Prospero's War, Book 1
Released: Jan 2014
Orbit, paperback, 381 p
Magic is a drug.
Careful how you use it...
The Magical Enforcement Agency keeps dirty magic off the streets.
But there's a new blend out there that's as deadly as it is elusive.
When patrol cop Kate Prospero shoots the lead snitch in this crucial case, she's brought in to explain herself. But the more she learns about the investigation, the more she realizes she must secure a spot on the MEA task force.
Especially when she discovers that their lead suspect is the man she walked away from ten years earlier - on the same day she swore she's give up dirty magic for good. Kate Prospero's about to learn the hard way that crossing a wizard will always get you burned, and that when it comes to magic, you should never say never.
This is at the grittier end of the UF genre. There is no real romance, and the murder/mystery is more a police procedural than cosy mystery. While I found the storyline to be an engaging prospect, I had more than a few problems loosing myself in this world. Most importantly, I didn't really feel all that sympathetic with the main character, Kate Prospero - perhaps that was just my mood when I read it - but I just didn't click with her. I found her brother, Danny, just got on my nerves no end as the perpetually brooding teenage stereotype, but then so did most of the secondary characters. Kate's ex, the now very wealthy and influential John Volos, really peeved me off. I know that she dumped him all those years ago, but when they interact, he seems to be projecting the whole 'hey, you dumped me...why?' vibe, but there is also a underlying aura of vindictiveness that creeps in from time to time that really put me off. Especially when he reveals his expectations of Kate at the end of Dirty Magic. He is quite the user, and doesn't see anything wrong with that. If he is meant to be Kate's future romantic interest, than God help us because at the moment he is about as attractive as a slug trail.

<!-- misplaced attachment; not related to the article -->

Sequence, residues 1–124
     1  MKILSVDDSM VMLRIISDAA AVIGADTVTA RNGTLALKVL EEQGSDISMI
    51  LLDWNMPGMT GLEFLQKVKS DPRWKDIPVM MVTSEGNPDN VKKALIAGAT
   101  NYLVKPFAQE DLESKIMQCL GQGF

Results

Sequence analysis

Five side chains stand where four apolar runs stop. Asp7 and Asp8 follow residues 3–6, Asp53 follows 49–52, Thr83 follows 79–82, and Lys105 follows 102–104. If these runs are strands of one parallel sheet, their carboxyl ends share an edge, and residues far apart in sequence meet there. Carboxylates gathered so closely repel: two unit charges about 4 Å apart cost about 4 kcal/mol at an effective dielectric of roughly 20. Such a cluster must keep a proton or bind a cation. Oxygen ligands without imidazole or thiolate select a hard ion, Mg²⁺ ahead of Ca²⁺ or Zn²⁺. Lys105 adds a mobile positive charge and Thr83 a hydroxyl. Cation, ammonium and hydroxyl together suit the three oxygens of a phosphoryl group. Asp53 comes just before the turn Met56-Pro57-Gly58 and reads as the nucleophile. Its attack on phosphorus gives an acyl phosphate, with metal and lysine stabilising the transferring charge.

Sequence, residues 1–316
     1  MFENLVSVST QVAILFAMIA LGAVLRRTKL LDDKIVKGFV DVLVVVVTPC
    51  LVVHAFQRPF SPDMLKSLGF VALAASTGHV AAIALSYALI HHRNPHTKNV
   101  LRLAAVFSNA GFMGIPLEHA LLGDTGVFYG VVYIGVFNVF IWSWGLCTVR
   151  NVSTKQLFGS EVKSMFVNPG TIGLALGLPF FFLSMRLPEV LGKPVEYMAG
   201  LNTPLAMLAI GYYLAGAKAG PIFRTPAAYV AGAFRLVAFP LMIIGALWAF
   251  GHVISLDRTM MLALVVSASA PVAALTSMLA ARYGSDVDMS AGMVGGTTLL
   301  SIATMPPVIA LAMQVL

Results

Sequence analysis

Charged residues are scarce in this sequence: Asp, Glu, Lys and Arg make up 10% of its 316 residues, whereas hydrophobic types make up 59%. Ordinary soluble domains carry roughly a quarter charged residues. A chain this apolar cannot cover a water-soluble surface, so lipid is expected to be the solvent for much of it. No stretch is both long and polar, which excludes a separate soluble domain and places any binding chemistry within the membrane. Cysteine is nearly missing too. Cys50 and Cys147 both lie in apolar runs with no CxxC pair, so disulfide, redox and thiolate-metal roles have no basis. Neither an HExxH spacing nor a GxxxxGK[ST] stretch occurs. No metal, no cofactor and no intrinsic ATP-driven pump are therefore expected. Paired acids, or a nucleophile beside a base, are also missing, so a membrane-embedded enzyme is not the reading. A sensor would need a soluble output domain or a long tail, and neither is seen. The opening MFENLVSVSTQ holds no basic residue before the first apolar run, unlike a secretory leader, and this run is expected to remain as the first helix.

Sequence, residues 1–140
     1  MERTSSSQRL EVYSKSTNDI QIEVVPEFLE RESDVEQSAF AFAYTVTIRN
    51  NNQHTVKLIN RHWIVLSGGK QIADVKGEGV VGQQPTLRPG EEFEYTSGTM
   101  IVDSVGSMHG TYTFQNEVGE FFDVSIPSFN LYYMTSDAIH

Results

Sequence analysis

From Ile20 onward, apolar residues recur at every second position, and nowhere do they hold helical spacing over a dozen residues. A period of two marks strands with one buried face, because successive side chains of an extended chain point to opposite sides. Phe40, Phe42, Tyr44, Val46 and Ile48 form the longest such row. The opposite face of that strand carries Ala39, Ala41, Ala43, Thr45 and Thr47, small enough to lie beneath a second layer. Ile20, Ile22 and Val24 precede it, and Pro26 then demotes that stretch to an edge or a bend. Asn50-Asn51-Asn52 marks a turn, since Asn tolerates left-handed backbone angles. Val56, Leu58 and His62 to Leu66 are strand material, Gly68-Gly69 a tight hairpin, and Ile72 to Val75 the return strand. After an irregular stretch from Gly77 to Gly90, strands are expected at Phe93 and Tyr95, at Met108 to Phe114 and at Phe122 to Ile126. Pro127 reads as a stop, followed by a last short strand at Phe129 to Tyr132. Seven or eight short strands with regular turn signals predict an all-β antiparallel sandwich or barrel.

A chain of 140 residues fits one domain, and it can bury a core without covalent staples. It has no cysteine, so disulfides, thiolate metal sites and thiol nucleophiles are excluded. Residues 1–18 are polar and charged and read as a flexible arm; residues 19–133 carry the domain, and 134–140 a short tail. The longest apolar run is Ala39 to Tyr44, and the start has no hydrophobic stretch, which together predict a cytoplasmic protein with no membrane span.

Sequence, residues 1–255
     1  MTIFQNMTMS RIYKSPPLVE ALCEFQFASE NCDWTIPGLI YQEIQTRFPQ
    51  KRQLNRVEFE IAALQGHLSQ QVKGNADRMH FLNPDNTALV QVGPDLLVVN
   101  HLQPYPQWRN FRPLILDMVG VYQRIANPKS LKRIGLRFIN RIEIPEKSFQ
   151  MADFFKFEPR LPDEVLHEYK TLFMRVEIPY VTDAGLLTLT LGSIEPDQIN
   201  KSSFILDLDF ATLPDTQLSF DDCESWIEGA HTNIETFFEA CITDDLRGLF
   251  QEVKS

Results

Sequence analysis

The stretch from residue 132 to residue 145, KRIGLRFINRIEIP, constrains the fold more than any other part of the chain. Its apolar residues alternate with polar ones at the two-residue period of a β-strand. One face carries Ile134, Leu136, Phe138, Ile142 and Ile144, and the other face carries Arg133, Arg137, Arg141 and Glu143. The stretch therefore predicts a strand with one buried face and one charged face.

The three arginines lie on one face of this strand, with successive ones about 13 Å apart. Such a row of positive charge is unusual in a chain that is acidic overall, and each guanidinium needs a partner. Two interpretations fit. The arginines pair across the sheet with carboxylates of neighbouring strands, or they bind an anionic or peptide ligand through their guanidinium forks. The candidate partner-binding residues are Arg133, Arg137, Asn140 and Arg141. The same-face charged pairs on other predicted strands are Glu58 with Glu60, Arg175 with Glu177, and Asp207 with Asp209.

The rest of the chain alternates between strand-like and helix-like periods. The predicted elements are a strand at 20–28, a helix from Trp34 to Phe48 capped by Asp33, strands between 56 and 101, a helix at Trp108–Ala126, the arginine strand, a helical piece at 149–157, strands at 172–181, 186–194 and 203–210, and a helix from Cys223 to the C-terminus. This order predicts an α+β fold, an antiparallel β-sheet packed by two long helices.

I'm not sure whether I'll buy book 2, Cursed Moon, but perhaps if I read this book again in a few weeks I might see it in a better light. I'm only giving it 3 stars because the world building was very well done, and the grungy urban setting was perfect for Kate's struggles. Perhaps if the characters were fleshed out a bit more, and given distinct and unique personalities - they seem to fit in the same mold: grumpy, snarky, smart-arses - then perhaps I would enjoy the series more.
If you like Lilith Saintcrow's style, then this should be right up your alley.